Can we rely on corporate leaders to fix poverty?
Of all the solutions to poverty that other developed countries have already implemented, Alston points out one particularly American failure: Insufficient public services and structural support for lower income people. Describing the American view of welfare services, Alston notes that in the US society “immense faith is placed in the goodwill and altruism of the corporate beneficiaries, while with welfare reform the opposite assumptions apply. The poor are inherently lazy, dishonest, and care only about their own interests.” As he notes in his report, the tax reform and the policies of the Trump administration are only likely to expand that divide.
The complete article
Annalisa Merelli – Quartz
If your parents count themselves among the top 1%, you’re 77 times more likely to attend an Ivy League college than your peers from families in the bottom 20% of the U.S.’ income distribution.
Why the focus on Ivy League universities? Of course, the pool of top institutions of higher education extends far beyond that group. But in mobility terms, say the authors, you’re more likely to move from the bottom quintile into the top 1% if you attend elite colleges, including those that comprise the Ivy League. In other words, elite colleges can confer mobility in powerful ways.
The complete article
Jack Gao — Institute for New Economic Thinking
I’ve long questioned the value of economics as a profession. Most economists focus on the quantitative rather than the lived. They are also consistently unable to explain or predict economic movements. I think the former may lead to the latter. Indeed, in this piece in the Boston Review, the author examines professional economists’ opposition to Thomas Piketty’s focus on inequality:
But perhaps the greatest rebuke of Piketty to be found among academic economics is not contained in any of these overt or veiled attacks on his scholarship and interpretation, but rather in the deafening silence that greets it, as well as inequality in general, in broad swathes of the field—even to this day. You can search through the websites of several leading economics departments or the official lists of working papers curated by federal agencies and not come across a single publication that has any obvious or even secondary bearing on the themes raised by Capital in the Twenty-First Century, even in order to oppose them. It is as though the central facts, controversies, and policy proposals that have consumed our public debate about the economy for three years are of little-to-no importance to the people who are paid and tenured to conduct a lifetime’s research into how the economy works.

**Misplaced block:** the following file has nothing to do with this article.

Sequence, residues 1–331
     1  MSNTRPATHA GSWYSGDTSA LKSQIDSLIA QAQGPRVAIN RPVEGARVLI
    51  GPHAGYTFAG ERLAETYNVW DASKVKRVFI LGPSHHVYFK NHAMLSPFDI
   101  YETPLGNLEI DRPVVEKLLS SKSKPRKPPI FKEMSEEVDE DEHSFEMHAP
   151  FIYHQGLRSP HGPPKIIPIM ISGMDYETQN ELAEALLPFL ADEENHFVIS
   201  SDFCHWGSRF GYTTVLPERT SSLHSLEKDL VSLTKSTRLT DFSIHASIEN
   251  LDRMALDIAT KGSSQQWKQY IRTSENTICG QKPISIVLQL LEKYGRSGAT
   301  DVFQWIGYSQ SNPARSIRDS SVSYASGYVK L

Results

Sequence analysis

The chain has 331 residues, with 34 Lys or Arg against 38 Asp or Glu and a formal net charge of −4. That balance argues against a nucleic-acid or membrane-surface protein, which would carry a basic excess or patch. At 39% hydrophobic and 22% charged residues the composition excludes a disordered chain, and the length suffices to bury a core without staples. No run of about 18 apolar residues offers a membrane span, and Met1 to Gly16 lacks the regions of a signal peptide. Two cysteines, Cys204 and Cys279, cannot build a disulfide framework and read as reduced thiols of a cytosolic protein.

Read the full article at The Boston Review.
Marshall Steinbaum — Boston Review
This needull discusses a tough question. What is more important – diversity in culture or reduction in inequality?
Destroying the variety of human traditions is not costless, and I can see that one might believe that maintaining variety of languages and cultures is not less important that maintaining variety of the flora and fauna in the world, but I wonder who needs to bear the cost of that. Should people in Mali be forced to live in Mali because somebody in London thinks that some variety of human existence would be lost if they all came to England? I am not wholly insensitive to this argument, but I think that it would be more honest to say openly that the cost of maintaining this “worldwide heritage” is borne not by those who defend it in theory but by those in Mali who are not allowed to move out.
The complete article
Branko Milanovic — globalinequality
A Thomas Piketty interview.
“And what’s unique about India is that it used to publish this data until 2000. There was this All India Income Tax Statistics Report and this has been interrupted. For the past 15 years during this period of very high growth in India, nobody knows how income tax operates, how have top income groups in India done as compared to GDP growth.
When we look at the consumption of average Indians or bottom 50% Indians, we don’t see the kind of GDP growth rates that we have in GDP statistics. The possibility, of course, is that a lot of the growth has gone to top income groups. Is this true? Has the income tax system been able to make this group contribute to the tax burden in proportion to the increase in their income, nobody knows.”
The full interview